Diabetes is frequently in the news as a consequence of the current obesity crisis. It is a chronic disease that affects the body’s ability to produce insulin, a hormone that helps regulate blood sugar. When the body does not produce enough of this substance, it can lead to high blood sugar levels that can result in eye damage, poor circulation, and heart disease.

Type 1 Diabetes: An Immune Disorder
This form of diabetes is a result of the immune system attacking insulin-producing cells in the pancreas. Like many disorders of the immune system, it is not clear why this happens. There seems to be a genetic link as the disease tends to run in families and ethnicities. Type 1 diabetes is commonly referred to as juvenile-onset diabetes. The diagnosis for this disease often happens in childhood or adolescence, although the condition can also affect people later in life. People with type 1 diabetes do not produce any insulin. They will always have to work to control their blood sugar, watch their diet, and inject themselves with insulin. While there is not a cure for type 1 diabetes, the technology to control blood sugar levels has dramatically improved in recent years.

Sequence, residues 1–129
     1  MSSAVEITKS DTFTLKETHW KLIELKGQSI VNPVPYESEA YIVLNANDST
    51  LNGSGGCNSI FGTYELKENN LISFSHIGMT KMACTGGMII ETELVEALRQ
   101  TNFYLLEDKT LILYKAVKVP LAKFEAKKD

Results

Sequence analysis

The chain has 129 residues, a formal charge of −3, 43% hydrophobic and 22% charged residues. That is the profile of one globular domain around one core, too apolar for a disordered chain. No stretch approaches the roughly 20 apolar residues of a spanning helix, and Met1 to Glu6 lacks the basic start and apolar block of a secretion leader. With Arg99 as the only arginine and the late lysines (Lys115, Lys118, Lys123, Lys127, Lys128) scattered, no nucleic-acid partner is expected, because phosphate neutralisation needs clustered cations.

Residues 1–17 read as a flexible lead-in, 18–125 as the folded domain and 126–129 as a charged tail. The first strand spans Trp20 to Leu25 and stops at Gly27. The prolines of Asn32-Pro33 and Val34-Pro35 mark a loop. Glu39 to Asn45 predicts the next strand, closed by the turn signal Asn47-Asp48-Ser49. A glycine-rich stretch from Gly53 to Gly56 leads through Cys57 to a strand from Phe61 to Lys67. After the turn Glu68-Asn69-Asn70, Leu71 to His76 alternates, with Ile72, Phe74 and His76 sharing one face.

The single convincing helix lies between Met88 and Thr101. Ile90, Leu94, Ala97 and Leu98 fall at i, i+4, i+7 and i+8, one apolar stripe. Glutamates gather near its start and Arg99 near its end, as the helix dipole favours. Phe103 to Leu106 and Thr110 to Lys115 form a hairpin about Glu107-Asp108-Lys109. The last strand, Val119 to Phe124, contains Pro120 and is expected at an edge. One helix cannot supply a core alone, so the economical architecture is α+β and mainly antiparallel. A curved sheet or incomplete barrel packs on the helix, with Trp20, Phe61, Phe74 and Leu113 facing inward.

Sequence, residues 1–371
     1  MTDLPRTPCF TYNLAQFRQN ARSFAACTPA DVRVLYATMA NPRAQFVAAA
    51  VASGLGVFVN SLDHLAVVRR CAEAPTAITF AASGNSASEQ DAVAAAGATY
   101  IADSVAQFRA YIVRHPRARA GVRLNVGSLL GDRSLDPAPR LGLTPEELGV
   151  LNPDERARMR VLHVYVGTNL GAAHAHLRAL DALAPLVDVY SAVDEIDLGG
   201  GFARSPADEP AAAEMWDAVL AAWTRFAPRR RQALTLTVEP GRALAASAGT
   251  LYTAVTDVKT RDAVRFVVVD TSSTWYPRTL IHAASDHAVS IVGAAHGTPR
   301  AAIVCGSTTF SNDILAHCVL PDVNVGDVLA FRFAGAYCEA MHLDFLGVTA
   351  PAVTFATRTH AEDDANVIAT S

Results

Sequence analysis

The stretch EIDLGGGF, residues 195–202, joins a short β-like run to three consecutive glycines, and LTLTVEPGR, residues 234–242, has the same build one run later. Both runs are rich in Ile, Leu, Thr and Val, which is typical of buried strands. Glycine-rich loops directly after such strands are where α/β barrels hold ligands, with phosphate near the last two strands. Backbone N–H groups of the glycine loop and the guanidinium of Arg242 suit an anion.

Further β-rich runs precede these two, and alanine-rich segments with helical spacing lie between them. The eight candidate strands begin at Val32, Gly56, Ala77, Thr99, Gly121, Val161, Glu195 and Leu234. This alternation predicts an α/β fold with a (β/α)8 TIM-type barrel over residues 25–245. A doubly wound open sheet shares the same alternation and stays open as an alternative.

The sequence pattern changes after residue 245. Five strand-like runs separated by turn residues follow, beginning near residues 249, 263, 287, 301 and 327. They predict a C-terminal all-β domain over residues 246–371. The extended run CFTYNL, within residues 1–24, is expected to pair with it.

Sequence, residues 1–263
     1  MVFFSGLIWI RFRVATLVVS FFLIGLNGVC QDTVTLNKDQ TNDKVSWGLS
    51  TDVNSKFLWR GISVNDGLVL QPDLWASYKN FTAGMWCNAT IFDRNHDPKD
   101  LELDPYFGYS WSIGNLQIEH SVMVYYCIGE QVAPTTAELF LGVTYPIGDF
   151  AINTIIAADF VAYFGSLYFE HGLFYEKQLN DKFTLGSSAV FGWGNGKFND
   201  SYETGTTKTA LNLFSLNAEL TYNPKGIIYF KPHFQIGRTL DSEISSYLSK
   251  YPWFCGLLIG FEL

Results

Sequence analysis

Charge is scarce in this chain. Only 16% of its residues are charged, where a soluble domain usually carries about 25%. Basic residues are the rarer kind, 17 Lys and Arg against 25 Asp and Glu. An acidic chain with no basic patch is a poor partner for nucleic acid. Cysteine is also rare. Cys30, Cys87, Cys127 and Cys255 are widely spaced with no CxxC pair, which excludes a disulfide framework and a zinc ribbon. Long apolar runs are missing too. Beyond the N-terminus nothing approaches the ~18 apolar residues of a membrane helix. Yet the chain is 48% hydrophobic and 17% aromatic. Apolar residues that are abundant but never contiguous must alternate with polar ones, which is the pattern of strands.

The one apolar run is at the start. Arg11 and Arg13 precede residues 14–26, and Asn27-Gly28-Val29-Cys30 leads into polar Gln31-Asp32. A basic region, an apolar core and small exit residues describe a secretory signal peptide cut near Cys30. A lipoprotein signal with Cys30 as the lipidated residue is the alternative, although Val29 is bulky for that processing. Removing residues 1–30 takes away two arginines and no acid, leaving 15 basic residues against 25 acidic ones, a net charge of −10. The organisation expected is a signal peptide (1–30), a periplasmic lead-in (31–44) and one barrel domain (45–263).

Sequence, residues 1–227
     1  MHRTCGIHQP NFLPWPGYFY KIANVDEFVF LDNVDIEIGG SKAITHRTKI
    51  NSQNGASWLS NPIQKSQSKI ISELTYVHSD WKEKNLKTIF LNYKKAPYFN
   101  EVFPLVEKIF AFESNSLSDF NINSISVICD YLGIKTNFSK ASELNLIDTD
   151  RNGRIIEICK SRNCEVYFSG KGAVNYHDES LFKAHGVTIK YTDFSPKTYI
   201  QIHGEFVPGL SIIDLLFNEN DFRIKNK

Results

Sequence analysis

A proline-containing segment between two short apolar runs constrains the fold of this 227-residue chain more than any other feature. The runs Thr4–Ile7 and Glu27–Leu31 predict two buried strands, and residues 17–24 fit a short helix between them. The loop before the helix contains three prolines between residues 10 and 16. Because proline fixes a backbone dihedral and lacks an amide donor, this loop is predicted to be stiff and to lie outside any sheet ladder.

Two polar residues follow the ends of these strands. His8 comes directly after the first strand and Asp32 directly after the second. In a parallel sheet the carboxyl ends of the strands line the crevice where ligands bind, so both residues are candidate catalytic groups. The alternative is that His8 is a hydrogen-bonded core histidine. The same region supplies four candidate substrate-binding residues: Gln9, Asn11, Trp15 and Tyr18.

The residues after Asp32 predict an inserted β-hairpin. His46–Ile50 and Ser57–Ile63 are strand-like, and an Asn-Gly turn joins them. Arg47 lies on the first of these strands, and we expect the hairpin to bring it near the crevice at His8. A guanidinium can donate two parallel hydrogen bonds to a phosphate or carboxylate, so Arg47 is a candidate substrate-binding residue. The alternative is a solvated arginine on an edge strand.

Type 2 Diabetes: Linked to Lifestyle
Type 2 diabetes is the disease that is most commonly talked about in public. Historically, it has been known as adult-onset diabetes because it tends to affect people older than 45. However, in recent years, as younger people are dealing with obesity, there has been an increase in teenage and young adult cases. Patients with type 2 diabetes can produce some insulin, but they do not produce enough to control their blood sugar levels. Also, patients who are obese may develop fat cells that are insulin resistant, requiring the overtaxed pancreas to produce even more insulin.

While type 2 diabetes cannot be cured, it can often be controlled through diet and exercise. People with this disease should seek to maintain a healthy weight. Exercise is vital for people with this disorder as it helps the body burn excess blood sugar. Like patients with type 1 diabetes, they will also need to pay attention to their blood sugar levels. If patients cannot control their blood sugar, they will need to receive insulin or other medications to help control the disorder.